Feb 10, 2014

California Pilot Program Helps Conserve Water

Pilot program allows users to see how their water use compares to their neighbors

Behavioral Water Efficiency Program Northern California Klaus Reichardt

In Northern California, a program to help reduce water consumption and use water more efficiently is proving to be more successful than anticipated.

Developed by the California Water Foundation (CWF) and the East Bay Municipal Utility District (EBMUD) the pilot program allows users to see how their water use compares to neighbors living in similar homes and circumstances.

Politely referred to as the "behavioral water efficiency" program, but sometimes referred to as the "shame" program, it finds that when consumers find out how their water use compares with their neighbors, water consumption overall declines by 5%.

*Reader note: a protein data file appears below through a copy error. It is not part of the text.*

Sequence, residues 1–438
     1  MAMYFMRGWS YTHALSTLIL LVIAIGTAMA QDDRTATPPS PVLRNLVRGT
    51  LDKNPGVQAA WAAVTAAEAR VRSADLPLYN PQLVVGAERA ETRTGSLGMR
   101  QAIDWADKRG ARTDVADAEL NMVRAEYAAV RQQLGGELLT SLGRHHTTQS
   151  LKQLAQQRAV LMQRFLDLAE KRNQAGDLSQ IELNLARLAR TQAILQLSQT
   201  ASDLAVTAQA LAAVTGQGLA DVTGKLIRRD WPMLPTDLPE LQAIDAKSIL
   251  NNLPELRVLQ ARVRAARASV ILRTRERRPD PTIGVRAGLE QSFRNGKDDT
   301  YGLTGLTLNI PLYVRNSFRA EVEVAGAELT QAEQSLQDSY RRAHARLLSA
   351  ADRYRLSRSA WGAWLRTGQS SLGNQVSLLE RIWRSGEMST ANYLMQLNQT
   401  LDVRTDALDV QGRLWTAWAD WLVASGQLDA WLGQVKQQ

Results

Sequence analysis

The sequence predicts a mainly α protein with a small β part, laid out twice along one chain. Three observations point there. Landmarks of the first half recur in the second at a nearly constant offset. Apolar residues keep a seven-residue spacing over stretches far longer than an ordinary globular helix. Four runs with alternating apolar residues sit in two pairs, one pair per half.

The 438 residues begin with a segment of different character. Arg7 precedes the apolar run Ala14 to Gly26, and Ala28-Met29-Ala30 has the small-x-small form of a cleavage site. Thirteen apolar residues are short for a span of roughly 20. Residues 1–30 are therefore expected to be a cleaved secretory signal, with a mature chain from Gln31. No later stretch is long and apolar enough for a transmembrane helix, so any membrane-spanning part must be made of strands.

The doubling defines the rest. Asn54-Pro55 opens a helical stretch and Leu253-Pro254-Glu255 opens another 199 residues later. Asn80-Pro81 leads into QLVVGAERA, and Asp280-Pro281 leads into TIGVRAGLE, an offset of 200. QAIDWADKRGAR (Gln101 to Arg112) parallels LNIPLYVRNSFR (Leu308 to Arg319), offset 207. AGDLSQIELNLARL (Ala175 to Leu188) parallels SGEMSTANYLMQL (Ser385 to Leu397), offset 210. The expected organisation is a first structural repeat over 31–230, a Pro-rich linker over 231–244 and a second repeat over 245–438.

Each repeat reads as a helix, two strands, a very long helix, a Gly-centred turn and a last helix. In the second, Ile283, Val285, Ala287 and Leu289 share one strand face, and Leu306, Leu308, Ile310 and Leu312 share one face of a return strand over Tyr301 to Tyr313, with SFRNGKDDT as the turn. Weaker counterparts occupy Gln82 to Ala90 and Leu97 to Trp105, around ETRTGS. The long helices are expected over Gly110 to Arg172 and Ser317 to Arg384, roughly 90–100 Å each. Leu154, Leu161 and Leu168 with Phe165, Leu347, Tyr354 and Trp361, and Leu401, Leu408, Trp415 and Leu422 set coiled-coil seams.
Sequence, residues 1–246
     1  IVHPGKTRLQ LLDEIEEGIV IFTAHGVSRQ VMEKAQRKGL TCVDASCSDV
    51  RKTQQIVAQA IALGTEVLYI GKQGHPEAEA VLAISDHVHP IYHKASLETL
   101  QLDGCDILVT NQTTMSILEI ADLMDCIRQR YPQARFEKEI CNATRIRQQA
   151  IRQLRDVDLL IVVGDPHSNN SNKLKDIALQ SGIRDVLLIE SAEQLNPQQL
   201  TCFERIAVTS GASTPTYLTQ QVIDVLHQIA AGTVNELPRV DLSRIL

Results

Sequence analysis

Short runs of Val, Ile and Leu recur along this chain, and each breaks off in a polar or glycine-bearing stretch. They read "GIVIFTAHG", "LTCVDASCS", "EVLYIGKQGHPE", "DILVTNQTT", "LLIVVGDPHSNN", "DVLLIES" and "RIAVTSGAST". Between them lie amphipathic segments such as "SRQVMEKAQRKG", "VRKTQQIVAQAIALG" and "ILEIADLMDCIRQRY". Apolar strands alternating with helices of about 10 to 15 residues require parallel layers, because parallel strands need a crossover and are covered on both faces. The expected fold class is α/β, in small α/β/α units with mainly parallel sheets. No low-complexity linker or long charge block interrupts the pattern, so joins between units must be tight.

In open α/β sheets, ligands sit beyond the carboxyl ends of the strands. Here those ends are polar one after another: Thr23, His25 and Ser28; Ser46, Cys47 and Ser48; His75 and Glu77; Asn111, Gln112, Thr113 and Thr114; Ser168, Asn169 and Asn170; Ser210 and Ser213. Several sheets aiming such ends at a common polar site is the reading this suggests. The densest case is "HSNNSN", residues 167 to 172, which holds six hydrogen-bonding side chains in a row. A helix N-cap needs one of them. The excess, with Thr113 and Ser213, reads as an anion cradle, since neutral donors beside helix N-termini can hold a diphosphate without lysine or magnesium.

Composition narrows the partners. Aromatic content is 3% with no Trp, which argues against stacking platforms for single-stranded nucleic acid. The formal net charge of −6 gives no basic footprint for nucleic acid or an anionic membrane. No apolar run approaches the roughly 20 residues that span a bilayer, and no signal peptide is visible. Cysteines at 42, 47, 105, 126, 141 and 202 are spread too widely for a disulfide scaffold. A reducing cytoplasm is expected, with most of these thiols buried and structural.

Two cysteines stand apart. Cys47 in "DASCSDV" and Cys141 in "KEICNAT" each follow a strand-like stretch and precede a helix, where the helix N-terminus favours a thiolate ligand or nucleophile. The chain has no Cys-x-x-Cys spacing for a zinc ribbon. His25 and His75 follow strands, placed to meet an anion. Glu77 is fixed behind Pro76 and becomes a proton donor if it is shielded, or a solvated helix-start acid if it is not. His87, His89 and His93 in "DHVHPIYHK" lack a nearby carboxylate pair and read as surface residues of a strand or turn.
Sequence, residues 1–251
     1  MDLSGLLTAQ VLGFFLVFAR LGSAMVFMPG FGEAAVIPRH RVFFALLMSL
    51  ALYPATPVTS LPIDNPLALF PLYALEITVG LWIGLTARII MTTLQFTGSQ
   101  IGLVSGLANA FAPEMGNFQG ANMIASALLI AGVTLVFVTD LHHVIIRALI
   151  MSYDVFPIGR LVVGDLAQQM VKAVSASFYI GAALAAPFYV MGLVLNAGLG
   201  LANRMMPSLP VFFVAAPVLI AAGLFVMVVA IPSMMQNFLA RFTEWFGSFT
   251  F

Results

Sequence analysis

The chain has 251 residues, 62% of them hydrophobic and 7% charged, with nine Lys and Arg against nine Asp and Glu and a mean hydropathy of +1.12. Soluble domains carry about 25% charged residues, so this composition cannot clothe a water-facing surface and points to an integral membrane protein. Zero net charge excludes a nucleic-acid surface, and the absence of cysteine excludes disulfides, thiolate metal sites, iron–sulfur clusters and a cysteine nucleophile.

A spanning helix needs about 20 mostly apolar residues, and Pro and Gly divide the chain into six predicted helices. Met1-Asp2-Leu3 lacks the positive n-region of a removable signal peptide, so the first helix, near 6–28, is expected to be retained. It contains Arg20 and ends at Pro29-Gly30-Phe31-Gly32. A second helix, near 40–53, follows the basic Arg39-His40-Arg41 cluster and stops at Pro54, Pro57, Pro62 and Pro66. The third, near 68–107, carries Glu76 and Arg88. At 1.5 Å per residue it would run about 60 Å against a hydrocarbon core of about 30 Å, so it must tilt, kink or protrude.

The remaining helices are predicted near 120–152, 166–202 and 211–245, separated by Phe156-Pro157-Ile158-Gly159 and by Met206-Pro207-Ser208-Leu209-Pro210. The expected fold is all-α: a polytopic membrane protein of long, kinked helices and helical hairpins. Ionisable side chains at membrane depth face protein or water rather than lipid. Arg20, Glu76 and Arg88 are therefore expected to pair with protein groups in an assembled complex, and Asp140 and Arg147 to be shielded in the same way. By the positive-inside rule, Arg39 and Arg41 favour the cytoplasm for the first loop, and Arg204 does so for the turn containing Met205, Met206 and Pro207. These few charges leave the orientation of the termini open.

"The research shows that people are motivated to conserve water when you let them know that their water use exceeds that of similar homes," said Lester Snow, executive director of CWF. "[This program] could prove [to be] an especially helpful tool for California utilities, which face state requirements to reduce their per capita water use by 20% by 2020."

It can have some more immediate benefits as well, according to Klaus Reichardt, CEO and founder of California-based Waterless Co. Inc., maker of no-water urinals and related restroom products. "2013 was one of the driest years on record for California and predictions are that 2014 will not be much better," he said.

Reichardt added that programs such as this also may encourage consumers, including residential and commercial, to seek out new and innovative ways to use water more efficiently.

"In the past few months, we have definitely seen an 'uptick' in information requests for restroom products that use water more efficiently," he said. "This is likely not because of the behavioral study, but just the realization here in California that water is evolving into a major, long-term issue."

Satisfied with the results of the study, the EBMUD said it plans to expand the behavioral program.